Taking these challenges seriously with a Salesian gaze could be translated into the following considerations:

1. We must be aware that this is the favourable time and we must continue to walk with boys and girls, with young people and their families, with fathers and mothers who need and agree to walk these roads in company, instead of going through them in a harsh solitude in which they will never feel at ease.

         Don Vecchi wrote it years ago in his letter "Now is the Acceptable Time"[31]. Pope Francis commented on it at different times in his Apostolic Exhortation and in this Preparatory Document to the Synod; many of us also know it for our own educational pastoral experience, and I myself have expressed it with strong conviction in motivating this Strenna. Don Vecchi wrote: «Individual conversations with young people have revealed how much they think about the radical following of Christ.  But it often finds them unprepared to respond and, as has already been said so many times before, it finds them uncertain in the face of discovering the real possibilities that match their expectations for living out such a vocation for the whole of their lives»[32].

2. We must cultivate in every moment a vocational culture, even in cultural contexts that may seem difficult to us.

         This expression was used for the first time by Pope John Paul II in the message of the XXX World Day for Vocations.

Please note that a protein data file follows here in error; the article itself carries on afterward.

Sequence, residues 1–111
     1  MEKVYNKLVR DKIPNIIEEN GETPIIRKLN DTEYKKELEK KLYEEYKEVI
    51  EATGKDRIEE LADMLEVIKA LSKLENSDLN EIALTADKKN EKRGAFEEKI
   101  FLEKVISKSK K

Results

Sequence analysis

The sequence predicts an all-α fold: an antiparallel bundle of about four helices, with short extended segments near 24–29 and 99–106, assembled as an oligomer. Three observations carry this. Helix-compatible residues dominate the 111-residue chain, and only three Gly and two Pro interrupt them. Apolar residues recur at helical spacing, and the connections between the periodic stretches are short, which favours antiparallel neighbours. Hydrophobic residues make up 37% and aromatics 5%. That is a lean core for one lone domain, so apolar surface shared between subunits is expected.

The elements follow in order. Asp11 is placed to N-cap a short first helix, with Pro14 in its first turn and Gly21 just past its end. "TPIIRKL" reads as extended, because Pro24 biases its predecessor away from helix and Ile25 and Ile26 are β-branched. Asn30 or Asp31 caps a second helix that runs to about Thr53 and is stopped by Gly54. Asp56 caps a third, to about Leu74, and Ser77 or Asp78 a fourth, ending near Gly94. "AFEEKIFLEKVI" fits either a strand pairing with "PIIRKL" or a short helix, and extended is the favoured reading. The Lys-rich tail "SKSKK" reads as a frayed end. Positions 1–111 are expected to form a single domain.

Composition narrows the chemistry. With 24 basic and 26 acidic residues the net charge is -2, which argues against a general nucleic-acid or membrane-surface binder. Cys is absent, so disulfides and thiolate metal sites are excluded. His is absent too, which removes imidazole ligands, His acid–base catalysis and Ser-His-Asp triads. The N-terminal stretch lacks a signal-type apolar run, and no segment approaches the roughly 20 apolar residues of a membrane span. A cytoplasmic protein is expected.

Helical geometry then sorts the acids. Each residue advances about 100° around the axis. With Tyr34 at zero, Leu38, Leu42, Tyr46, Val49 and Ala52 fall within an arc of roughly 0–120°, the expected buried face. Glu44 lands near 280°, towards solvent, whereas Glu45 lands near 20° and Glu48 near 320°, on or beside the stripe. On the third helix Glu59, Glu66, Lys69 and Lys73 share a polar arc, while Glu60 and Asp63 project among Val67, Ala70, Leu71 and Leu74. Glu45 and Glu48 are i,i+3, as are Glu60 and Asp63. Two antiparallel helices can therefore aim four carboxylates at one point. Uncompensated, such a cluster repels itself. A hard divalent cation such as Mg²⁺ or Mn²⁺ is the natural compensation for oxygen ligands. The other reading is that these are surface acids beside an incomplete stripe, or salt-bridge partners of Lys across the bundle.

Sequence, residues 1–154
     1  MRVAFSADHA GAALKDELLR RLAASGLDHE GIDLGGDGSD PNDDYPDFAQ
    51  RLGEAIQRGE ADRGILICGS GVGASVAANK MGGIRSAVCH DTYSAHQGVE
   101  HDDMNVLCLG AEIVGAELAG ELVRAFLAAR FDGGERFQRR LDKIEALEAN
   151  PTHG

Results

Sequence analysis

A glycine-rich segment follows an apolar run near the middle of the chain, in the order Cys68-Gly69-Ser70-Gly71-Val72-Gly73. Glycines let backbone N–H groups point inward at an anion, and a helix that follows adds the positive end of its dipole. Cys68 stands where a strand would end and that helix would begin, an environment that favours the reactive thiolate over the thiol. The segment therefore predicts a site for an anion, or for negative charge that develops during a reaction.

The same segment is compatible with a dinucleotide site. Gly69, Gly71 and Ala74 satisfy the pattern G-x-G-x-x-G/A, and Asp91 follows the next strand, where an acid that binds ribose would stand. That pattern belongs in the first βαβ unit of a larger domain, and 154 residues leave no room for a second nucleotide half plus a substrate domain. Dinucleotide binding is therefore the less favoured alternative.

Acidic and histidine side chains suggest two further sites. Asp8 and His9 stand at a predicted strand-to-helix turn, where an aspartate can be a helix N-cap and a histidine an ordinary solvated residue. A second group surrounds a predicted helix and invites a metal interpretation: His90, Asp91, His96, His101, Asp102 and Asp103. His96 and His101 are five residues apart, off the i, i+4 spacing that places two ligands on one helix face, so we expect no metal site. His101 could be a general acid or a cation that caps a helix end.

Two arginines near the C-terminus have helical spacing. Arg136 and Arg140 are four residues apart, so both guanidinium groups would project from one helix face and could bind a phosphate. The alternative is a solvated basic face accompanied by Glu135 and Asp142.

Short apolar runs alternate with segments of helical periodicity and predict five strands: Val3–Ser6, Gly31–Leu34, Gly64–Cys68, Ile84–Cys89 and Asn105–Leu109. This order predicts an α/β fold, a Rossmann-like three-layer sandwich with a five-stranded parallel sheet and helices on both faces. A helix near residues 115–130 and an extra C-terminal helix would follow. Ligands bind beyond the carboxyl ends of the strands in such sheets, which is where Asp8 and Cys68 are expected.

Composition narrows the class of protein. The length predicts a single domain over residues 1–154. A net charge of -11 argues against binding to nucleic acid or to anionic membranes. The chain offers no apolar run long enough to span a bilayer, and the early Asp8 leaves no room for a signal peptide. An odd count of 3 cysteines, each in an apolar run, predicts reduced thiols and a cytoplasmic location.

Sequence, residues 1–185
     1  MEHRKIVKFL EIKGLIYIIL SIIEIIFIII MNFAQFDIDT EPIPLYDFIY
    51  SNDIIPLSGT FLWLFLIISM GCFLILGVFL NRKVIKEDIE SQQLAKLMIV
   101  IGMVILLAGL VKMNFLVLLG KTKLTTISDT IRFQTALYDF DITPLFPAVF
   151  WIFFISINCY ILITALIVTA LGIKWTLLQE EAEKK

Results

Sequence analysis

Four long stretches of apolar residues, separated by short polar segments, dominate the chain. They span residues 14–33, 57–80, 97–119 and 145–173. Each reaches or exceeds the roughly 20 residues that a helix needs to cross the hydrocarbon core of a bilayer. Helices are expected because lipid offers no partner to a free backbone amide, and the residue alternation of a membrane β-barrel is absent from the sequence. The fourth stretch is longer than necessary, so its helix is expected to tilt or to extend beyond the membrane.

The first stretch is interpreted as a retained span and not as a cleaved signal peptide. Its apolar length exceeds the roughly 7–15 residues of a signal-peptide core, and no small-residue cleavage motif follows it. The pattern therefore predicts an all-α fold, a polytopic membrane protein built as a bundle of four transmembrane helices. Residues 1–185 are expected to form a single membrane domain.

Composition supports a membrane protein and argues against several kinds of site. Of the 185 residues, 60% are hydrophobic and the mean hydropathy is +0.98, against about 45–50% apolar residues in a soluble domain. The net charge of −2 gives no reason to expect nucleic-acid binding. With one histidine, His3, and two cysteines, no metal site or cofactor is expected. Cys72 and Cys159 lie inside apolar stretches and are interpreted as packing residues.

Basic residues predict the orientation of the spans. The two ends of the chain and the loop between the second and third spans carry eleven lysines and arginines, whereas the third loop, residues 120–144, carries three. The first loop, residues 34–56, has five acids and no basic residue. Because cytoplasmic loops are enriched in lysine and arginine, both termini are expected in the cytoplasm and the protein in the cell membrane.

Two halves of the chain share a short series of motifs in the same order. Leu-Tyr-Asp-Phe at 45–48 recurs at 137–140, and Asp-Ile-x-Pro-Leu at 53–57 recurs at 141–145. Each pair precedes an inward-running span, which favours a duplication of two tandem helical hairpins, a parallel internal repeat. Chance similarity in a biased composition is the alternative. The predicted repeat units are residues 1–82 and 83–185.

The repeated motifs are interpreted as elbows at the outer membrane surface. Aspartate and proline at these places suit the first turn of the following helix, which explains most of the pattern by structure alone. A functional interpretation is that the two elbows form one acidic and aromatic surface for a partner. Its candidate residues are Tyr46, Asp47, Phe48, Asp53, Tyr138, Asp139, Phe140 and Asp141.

As educators and evangelizers we propose to help young people to face life, the present and the future, with a deep self-knowledge and with an attitude of availability and generosity in listening to the voice of God in each one, accompanying them on their journey towards a personal and consistent project of life.

         This will not only refer to some, as if they were an elite, but is an invitation and a call from God himself for the journey of each person towards their full development.

         We wish young people to discover a way of living and dreaming of their lives in which values such as gratuity and donation, openness to others and openness to God may mature. We want to help these young people, and every person who is doing this journey, to discover that life can be understood as a gift and a task[33], and that this will make them happy. To discover that in the face of the dominant cultural tendencies conveying messages according to which the only important thing is ones own self, a significant alternative is to understand life as a gift, according to a plan of life that everyone feels "made to their measure and according to their possibilities" and in which one feels happy, as a response to the meaning of their life from the perspective of God and others.

         We want this for all young people, always with great respect for their persons, and calling for their freedom as we walk together.